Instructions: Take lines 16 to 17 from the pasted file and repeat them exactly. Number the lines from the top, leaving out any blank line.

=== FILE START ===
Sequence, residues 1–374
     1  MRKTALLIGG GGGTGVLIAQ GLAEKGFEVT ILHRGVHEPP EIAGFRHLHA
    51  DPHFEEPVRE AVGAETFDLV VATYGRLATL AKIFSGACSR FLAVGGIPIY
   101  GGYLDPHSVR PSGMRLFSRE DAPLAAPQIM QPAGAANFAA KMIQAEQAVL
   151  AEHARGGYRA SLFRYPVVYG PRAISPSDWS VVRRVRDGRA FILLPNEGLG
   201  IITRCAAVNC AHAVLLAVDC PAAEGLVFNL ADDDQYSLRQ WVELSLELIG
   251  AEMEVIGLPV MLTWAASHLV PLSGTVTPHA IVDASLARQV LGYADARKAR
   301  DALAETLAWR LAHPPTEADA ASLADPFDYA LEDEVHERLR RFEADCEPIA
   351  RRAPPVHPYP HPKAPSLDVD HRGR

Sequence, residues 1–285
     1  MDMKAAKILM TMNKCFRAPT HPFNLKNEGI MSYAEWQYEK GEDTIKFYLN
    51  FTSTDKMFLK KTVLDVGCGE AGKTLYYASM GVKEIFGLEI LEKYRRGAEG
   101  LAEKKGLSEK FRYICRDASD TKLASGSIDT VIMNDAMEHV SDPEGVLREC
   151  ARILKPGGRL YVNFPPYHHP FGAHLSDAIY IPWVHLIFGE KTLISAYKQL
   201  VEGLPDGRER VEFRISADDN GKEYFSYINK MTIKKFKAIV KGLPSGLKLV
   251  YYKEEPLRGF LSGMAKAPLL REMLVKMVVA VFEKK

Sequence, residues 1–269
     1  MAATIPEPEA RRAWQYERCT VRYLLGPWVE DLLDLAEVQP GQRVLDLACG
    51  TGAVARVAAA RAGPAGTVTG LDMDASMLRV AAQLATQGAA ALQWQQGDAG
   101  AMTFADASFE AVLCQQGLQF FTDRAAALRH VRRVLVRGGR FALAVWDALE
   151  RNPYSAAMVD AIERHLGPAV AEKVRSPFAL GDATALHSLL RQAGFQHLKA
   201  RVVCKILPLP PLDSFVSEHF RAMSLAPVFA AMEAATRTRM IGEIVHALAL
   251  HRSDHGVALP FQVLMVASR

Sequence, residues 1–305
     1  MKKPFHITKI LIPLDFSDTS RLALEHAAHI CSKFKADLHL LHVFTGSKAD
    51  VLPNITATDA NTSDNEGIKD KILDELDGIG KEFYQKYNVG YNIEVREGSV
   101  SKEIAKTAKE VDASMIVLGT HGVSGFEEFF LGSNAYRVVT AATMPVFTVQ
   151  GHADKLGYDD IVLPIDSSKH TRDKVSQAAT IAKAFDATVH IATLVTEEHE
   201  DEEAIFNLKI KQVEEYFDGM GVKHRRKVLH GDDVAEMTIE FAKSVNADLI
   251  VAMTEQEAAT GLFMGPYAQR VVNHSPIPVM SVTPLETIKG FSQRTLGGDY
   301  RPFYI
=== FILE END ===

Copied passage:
   251  YYKEEPLRGF LSGMAKAPLL REMLVKMVVA VFEKK

Sequence, residues 1–269